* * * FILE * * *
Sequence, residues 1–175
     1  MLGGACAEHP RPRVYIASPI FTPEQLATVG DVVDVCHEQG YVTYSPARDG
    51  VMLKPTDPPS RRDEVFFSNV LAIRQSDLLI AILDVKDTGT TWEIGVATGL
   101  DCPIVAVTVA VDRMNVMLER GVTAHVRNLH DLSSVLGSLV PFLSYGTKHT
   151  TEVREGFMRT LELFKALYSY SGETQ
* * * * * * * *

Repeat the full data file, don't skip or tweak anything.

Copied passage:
Sequence, residues 1–175
     1  MLGGACAEHP RPRVYIASPI FTPEQLATVG DVVDVCHEQG YVTYSPARDG
    51  VMLKPTDPPS RRDEVFFSNV LAIRQSDLLI AILDVKDTGT TWEIGVATGL
   101  DCPIVAVTVA VDRMNVMLER GVTAHVRNLH DLSSVLGSLV PFLSYGTKHT
   151  TEVREGFMRT LELFKALYSY SGETQ